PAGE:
Easing the pain of parking in towns and cities
An personal issue with a global impact
I’ve talked before about the pain and isolation of being stuck in traffic, struggling to get to work or – even worse – get home. Stressful for drivers and damaging to the economy, it also increases emissions, compromising our health and the environment.
Searching for parking spaces is just as big an issue. According to a recent study from car services company Inrix, the UK’s drivers spend an average of 44 hours a year looking for parking spaces, with an estimated overall cost of £733 per driver in lost time, wasted fuel and emissions. In London, drivers waste an incredible 67 hours a year trying to park; and should they eventually be lucky enough to find a suitable space, the average two hourly parking rate is £13.
Many UK drivers also overpay for their parking to the tune of around £209 per driver (approximately £6.7 billion a year), either because they don’t know how long they will need the parking space for, or through fear of receiving a fine. For the many of us who have been caught out by ambiguous signage or confusing tariffs, parking penalties cost the UK’s drivers £1.2 billion annually.
An individual problem with broader repercussions
Parking issues also potentially add to traffic congestion, as motorists search for that illusive spot, sometimes stopping in inappropriate places, getting lost, circling round and becoming increasingly anxious or frustrated. They also cause many drivers to miss appointments or even turn round and drive home. And with 40% saying they avoid driving into towns and cities because of parking limitations, it’s not surprising that retail outlets and other businesses are suffering, as many high streets become derelict, with shops closing at a rapid rate.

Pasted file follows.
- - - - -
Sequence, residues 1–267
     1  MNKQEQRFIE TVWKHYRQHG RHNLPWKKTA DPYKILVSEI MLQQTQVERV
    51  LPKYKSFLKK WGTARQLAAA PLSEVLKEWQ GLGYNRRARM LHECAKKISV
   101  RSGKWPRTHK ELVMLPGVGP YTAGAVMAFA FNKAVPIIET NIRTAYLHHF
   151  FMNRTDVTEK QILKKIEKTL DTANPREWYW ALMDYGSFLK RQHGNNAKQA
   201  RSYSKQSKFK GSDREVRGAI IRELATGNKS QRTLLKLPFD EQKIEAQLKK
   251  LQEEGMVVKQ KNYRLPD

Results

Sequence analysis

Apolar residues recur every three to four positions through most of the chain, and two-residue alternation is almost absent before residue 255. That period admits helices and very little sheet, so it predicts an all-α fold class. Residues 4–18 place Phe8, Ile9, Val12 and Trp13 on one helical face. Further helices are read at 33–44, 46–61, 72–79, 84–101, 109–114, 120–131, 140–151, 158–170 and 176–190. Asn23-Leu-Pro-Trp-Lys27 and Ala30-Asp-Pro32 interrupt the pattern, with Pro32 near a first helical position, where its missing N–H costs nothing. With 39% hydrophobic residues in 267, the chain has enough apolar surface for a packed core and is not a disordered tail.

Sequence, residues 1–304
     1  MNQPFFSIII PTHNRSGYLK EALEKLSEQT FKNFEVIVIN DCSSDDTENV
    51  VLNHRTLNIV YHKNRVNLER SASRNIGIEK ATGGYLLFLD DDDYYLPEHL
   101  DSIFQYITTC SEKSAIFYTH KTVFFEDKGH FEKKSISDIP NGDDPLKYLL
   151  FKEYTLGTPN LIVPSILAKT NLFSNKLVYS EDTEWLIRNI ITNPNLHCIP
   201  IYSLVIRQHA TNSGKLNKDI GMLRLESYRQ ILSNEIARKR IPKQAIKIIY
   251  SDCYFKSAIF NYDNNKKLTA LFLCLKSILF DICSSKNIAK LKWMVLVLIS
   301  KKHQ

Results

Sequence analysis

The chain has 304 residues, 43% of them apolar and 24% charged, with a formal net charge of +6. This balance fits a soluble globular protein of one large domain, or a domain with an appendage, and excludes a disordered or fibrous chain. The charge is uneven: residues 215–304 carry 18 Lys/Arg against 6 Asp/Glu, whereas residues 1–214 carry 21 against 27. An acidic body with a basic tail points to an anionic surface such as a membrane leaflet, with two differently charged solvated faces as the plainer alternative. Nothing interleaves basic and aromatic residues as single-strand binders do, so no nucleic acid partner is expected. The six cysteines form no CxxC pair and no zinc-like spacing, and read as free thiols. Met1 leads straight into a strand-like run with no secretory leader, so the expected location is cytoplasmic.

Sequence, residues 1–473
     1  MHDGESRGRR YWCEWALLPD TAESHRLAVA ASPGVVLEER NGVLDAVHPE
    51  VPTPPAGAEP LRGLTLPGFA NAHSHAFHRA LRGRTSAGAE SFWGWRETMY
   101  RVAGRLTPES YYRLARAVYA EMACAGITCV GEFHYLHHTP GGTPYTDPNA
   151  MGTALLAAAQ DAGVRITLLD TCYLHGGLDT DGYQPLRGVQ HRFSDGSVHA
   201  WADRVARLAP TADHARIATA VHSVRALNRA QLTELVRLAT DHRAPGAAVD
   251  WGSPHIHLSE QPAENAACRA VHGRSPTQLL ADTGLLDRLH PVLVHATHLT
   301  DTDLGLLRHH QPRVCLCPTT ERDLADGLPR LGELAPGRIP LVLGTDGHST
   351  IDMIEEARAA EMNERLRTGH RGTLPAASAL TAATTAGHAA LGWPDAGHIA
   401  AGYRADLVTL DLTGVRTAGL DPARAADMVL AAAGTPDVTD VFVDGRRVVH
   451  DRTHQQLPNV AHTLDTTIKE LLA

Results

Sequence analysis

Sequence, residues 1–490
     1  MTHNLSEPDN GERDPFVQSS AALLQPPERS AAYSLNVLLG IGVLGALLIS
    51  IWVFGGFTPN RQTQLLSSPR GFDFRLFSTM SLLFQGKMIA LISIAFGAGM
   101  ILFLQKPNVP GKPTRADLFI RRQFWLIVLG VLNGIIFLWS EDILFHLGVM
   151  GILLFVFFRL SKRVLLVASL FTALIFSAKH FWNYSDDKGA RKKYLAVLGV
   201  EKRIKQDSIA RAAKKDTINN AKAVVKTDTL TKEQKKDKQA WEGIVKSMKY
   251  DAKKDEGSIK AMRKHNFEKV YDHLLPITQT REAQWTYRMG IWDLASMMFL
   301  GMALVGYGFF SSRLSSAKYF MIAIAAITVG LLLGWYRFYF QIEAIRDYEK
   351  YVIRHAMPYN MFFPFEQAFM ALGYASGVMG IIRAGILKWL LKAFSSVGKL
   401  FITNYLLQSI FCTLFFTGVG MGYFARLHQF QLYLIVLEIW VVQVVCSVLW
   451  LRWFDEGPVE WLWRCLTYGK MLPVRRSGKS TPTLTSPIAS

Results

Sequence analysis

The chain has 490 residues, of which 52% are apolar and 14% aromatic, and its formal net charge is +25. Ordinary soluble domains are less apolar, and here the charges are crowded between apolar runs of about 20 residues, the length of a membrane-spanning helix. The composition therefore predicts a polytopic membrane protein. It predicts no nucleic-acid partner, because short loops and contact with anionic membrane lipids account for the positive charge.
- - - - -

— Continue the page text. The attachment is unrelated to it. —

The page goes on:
As the full report shows, this very individual problem is actually an international issue – and isn’t confined to the UK. Fortunately however, not only are these problems generally acknowledged by town and city planners around the world as being damaging to the environment, the economy and people’s lives, but they are also starting to be addressed.
Cisco has long been committed to developing parking solutions that offer people real-time information on parking availability and location, as part of our smart cities portfolio. Residents and visitors to cities like Dubai are already seeing the benefits, as are those in Barcelona, where sensors in parking spaces provide maps to available spaces and send alerts when meters expire. And the city of Adelaide’s smart transformation includes the installation of video analytics software and cameras that can send parking information to a mobile app, enabling drivers to find and pay for parking using their mobile phones.
Meanwhile, on Nice’s Boulevard Victor Hugo, 200 wireless devices and sensors have resulted in a new parking system complete with traffic detectors, together with a mobile app that helps drivers locate and pay for parking. The technology also provides real-time information on public transport and vehicle sharing, while facilitating smart lighting, waste management and environmental monitoring. Nearer to home, CityVerve is demonstrating that Manchester’s wireless networks can be harnessed for countless applications from smart parking to social care to supporting its emergency services.
Trying to find somewhere to park is a personal and sometimes lonely activity. It can cause much anxiety and affect how we plan our time, but improving parking for individuals has broader implications – from helping reduce congestion to lowering vehicle emissions and supporting our high streets – while the technology used to create intelligent parking solutions can be harnessed in multiple ways, helping cities and towns become smart and efficient.